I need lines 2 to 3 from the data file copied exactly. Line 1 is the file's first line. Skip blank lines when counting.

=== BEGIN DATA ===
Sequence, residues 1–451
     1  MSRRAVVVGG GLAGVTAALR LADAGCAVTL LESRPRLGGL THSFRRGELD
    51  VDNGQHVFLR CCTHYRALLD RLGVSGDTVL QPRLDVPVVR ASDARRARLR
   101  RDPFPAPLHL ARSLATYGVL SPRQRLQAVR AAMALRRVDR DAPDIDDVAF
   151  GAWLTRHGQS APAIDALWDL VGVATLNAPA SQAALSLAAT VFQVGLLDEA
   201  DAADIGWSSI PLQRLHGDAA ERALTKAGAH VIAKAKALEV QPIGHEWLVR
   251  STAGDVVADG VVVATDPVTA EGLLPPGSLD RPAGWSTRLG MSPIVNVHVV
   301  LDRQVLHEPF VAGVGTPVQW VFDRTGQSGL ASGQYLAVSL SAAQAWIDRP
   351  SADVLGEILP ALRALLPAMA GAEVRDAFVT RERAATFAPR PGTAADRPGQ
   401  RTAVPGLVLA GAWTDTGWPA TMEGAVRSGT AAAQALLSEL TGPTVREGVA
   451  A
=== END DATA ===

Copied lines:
     1  MSRRAVVVGG GLAGVTAALR LADAGCAVTL LESRPRLGGL THSFRRGELD
    51  VDNGQHVFLR CCTHYRALLD RLGVSGDTVL QPRLDVPVVR ASDARRARLR